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International Journal of Experimental Diabetes Research
Volume 2, Issue 2, Pages 91-99

In Vitro Effect of Fenugreek Extracts on Intestinal Sodium-dependent Glucose Uptake and Hepatic Glycogen Phosphorylase A

1Department of Clinical Biochemistry, University of Sana'a, Sana'a, Yemen
2Department of Pharmacy, King's College London, Franklin-Wilkins Building, 150 Stamford Street, London SE1 8WA, UK
3Institute of Biomedical and Life Sciences, West Medical Building, University of Glasgow, Glasgow G12 8QQ, UK

Received 9 March 2001; Accepted 25 April 2001

Copyright © 2001 Hindawi Publishing Corporation. This is an open access article distributed under the Creative Commons Attribution License, which permits unrestricted use, distribution, and reproduction in any medium, provided the original work is properly cited.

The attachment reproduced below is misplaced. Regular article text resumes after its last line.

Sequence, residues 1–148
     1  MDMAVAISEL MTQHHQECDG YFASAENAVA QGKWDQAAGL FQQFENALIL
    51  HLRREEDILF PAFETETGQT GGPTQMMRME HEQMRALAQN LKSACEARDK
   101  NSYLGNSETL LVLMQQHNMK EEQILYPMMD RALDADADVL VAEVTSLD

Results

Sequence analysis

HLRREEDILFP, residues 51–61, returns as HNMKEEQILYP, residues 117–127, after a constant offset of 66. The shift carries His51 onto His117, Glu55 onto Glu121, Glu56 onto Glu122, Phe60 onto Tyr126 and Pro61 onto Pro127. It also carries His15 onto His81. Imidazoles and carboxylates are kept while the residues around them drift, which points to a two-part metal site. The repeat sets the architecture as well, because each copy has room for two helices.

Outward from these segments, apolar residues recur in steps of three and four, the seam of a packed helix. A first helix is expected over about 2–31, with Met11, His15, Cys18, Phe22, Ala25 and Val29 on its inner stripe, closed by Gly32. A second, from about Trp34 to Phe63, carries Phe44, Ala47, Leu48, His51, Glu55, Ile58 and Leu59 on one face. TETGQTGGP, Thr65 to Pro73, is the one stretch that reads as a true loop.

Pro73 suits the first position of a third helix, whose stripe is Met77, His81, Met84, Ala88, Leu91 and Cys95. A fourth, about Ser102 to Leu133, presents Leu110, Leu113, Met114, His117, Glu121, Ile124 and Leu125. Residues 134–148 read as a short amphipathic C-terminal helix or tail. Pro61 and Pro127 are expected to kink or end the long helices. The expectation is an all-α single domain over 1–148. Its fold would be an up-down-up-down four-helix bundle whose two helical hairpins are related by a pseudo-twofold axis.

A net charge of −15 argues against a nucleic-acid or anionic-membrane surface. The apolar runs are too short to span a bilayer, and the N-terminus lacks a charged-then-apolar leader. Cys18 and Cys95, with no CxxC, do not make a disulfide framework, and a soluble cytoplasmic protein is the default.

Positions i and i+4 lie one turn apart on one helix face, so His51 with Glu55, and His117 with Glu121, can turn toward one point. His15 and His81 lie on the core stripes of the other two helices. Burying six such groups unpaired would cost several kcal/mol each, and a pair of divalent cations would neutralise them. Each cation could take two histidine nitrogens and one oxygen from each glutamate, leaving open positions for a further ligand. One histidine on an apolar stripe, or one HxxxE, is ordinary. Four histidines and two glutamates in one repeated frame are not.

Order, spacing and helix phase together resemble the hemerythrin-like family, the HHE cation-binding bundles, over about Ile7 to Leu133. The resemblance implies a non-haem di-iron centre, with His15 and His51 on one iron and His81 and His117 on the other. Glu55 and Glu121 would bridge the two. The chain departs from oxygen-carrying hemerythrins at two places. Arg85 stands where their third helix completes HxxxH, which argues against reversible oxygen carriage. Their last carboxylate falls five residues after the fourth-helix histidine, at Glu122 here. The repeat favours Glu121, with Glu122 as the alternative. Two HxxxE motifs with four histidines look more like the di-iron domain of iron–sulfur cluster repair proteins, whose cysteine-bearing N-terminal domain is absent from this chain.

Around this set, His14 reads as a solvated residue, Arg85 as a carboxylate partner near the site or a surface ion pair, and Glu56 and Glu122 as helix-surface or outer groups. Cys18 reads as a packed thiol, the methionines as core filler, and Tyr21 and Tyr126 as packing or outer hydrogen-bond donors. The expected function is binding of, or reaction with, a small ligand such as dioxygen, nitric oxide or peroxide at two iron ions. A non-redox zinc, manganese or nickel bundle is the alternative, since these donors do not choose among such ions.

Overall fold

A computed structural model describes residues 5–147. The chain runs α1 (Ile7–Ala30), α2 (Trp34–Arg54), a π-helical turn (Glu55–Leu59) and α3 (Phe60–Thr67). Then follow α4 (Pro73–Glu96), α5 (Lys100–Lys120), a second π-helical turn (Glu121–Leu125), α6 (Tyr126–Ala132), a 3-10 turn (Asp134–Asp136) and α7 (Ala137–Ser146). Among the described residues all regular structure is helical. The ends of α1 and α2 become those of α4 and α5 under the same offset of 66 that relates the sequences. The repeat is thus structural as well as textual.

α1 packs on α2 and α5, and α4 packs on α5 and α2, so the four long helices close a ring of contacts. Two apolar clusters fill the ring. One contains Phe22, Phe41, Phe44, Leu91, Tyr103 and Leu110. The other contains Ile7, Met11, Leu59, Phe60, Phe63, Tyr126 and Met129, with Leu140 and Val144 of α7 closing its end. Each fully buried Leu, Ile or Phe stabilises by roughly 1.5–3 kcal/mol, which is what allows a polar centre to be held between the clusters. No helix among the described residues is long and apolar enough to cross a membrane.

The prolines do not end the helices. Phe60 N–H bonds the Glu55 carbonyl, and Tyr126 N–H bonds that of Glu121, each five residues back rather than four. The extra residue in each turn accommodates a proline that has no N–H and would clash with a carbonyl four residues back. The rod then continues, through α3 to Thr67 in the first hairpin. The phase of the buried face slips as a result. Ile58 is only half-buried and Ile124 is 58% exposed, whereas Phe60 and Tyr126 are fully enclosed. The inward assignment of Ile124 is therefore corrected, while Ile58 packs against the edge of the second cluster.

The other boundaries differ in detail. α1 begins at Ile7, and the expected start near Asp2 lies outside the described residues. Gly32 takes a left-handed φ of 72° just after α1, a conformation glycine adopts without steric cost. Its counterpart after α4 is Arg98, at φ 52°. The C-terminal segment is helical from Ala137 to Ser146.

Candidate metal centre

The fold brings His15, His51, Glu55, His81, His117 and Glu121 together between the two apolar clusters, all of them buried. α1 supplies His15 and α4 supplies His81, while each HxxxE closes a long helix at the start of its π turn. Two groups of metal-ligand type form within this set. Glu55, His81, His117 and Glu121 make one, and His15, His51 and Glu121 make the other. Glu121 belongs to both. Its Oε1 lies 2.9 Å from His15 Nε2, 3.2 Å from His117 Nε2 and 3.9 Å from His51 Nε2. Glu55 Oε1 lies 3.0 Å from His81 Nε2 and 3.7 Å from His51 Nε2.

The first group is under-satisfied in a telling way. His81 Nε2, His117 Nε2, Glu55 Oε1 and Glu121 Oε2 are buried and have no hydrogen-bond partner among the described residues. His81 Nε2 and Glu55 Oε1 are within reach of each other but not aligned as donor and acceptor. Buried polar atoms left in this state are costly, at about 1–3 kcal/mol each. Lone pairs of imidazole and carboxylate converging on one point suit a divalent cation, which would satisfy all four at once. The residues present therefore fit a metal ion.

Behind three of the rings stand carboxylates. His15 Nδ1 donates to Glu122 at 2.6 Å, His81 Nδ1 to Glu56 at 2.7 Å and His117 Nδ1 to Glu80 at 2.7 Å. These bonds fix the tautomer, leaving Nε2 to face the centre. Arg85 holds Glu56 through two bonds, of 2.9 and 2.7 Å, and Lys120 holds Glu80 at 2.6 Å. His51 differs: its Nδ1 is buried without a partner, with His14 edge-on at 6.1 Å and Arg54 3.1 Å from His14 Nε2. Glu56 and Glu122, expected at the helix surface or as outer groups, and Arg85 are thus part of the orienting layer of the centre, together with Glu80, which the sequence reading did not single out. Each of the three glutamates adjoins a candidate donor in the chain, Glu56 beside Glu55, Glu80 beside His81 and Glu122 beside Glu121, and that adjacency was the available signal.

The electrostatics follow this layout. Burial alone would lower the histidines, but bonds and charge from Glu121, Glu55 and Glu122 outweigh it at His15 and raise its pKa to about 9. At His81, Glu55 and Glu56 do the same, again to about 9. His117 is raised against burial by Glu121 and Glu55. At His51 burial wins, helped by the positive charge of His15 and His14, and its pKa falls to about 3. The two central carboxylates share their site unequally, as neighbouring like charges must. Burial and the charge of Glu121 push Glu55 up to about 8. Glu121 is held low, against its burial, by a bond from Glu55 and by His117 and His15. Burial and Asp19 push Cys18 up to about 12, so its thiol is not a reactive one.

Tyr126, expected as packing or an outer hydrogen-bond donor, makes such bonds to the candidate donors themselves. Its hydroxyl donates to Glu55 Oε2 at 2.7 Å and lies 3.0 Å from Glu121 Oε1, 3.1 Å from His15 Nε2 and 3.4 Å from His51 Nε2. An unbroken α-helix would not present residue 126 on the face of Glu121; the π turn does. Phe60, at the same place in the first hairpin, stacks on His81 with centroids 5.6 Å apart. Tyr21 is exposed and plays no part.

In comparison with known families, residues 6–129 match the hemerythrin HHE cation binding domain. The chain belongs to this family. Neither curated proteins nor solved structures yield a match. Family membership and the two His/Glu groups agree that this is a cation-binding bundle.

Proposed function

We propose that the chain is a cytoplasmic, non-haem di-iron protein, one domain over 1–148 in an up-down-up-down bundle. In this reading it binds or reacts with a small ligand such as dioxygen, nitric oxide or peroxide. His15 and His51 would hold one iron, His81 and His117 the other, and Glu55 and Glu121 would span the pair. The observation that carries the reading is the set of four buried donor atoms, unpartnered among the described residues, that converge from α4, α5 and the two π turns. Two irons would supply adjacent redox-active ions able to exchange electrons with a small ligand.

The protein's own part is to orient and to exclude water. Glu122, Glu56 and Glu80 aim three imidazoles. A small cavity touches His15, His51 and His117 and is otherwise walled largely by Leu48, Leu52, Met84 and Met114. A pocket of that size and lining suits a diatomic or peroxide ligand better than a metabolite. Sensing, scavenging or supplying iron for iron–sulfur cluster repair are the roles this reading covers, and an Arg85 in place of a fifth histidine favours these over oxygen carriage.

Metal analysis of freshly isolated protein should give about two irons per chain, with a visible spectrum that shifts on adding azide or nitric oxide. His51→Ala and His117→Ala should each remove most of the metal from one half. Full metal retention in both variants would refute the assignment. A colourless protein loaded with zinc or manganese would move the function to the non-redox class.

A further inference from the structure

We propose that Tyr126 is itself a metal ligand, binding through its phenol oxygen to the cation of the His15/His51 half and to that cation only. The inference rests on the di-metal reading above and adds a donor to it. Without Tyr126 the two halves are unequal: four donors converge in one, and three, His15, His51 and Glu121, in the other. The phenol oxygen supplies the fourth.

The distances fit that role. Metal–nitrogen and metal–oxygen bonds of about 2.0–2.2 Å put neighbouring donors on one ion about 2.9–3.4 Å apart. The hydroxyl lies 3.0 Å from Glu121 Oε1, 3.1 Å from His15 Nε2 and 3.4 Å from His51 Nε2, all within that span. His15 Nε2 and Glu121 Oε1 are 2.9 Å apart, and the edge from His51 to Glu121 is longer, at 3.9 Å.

Fenugreek (Trigonella foenum-graecum L. seed) is a food with traditional medicinal use in diabetes. Beneficial effects have been demonstrated in diabetic animals and both insulin-dependent and non-insulin-dependent diabetic subjects. Effects of a lipid extract A, crude ethanolic extract B, further sub-fractions of B (saponin-free C, saponin D and sapogenin E) and a gum fibre fraction F on intestinal sodium-dependent glucose uptake were investigated in vitro using rabbit intestinal brush border membrane vesicles. All fractions except A inhibited glucose-uptake at 0.33 and/or 3.3mg/mL (p < 0.001). Greatest inhibition was observed with fractions D and E. Diosgenin and trigonelline (compounds reported in fenugreek)also inhibited glucose-uptake (IC50 values approximately 3mg/ml, equivalent to 8mM and 19mM respectively) but did not account for the activity of the crude extracts. Fenugreek extracts had no effect on basal levels of glycogen phosphorylase a (HGPa) activity in rat hepatocyte suspensions. However fractions C and E caused a marginal but statistically significant inhibition (18.9 and 15.1% respectively, p < 0.05) of glucagon induction of this enzyme suggesting a glucagon-antagonist effect. Diosgenin (1.65mg/ml; 4mM) inhibited glucagon-induced HGPa activity by 20% (p < 0.05), and was more effective than trigonelline (non significant inhibition of 9.4% at 1.65mg/ml, 10mM).